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When You Enter the Story: A Look at Camus’ Use of the Second Person in The Fall

By Jay Paine

I recently read Albert Camus’ philosophical novel, The Fall, and its point of view offers a unique literary experience. The story is narrated by a dissolute antihero, Jean-Baptiste Clamence, who confesses his failures and sins to a stranger at a squalid bar in Amsterdam. However, what makes this story so fascinating is that Clamence addresses the stranger in the second person. By having Clamence speak to the stranger in the second person, Camus makes you into the stranger. You become the first-hand listener of Clamence’s confession.

I was immediately captivated by how I, the reader, functioned as a character in this story. It is uncommon for the second person to appear in fiction, and it is even less common for a second person character to appear as one of the central characters. There are a few reasons for this. First, many stories do not need to pull the reader directly into the action. Many stories operate perfectly well when the reader is merely a bystander to the narrative. Second, it is challenging to write a character in the second person. A second-person character can’t perform much action, so there is rarely an opportunity for the story to progress. The subject matter of The Fall, however, is perfect for a second-person character. Since Clamence offers a confession, and the stranger merely serves as a listener, there is no need for the stranger to take action. In fact, the stranger occupies about the same role as the reader, so it makes sense to combine the two.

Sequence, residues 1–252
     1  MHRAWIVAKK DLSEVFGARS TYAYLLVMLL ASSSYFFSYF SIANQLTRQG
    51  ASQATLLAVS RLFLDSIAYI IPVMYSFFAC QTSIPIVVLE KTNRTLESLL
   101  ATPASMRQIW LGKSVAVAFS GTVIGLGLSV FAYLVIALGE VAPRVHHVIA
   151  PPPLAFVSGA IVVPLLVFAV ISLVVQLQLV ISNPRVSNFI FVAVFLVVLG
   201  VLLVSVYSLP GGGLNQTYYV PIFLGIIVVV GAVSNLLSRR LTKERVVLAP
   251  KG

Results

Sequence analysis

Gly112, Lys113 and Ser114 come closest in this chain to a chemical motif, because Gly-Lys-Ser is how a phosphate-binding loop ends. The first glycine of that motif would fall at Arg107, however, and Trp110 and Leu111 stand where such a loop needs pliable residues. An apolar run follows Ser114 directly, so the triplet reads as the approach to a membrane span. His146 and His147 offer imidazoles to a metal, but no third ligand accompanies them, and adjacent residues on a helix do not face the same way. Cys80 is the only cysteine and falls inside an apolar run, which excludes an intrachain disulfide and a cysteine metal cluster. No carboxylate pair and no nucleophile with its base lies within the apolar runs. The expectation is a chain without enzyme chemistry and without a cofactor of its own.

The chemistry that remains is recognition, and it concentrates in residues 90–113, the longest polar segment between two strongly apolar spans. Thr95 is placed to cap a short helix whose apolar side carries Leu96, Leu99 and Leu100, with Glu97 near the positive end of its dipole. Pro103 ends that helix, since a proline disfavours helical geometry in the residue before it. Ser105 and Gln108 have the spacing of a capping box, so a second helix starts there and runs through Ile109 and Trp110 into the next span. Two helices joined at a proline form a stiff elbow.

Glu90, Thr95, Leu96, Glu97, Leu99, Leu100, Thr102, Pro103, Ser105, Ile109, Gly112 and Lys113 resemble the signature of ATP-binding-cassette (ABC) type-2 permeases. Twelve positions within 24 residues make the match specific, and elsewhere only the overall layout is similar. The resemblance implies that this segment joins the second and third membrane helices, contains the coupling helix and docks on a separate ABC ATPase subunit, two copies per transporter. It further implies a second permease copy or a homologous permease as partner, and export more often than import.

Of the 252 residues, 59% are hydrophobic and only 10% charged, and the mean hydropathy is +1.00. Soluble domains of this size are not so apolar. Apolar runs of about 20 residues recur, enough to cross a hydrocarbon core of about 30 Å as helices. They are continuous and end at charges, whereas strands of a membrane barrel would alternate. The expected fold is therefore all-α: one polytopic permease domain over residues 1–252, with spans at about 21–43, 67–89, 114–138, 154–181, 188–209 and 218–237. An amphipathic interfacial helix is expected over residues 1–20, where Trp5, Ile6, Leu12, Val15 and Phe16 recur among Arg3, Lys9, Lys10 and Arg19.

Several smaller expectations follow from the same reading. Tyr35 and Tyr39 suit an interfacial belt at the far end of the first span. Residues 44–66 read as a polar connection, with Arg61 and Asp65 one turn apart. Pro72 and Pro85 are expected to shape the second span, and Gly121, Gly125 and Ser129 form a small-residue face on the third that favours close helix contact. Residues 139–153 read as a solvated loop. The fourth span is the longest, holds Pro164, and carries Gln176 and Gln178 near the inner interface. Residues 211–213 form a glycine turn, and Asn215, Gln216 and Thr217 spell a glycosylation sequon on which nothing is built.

Not only was I intrigued by Camus’ attempt to write a second-person character, but I was also intrigued by how well he pulled it off. I think Camus pulls off this second-person character so well because he never gives him dialogue. By not giving him dialogue, Camus provides the reader with the freedom to respond to Clamence’s confession. As I was reading, I would often think, Clamence, you’re contradicting yourself, or Clamence, that’s awful. To intensify the reader’s agency in response, Camus even anticipates the points in the story where they will have these thoughts, and he has Clamence respond, “you are right” and “I’ll agree with you.” So whether you are thinking Clamence, you’re crazy, or Clamence, I can’t believe you did that, it always feels like Clamence is responding to you and not merely to some stranger.

Now that I’ve discussed the magic and difficulties associated with writing a character in the second person, I think it would be fun if you all toyed around with this style of writing, so I offer this to you as a writing prompt: Try penning a story emulating The Fall’s point of view. I invite you to experiment with a first-person narrator who addresses another character in the second person. Just see what happens. See what happens when you enter the story.

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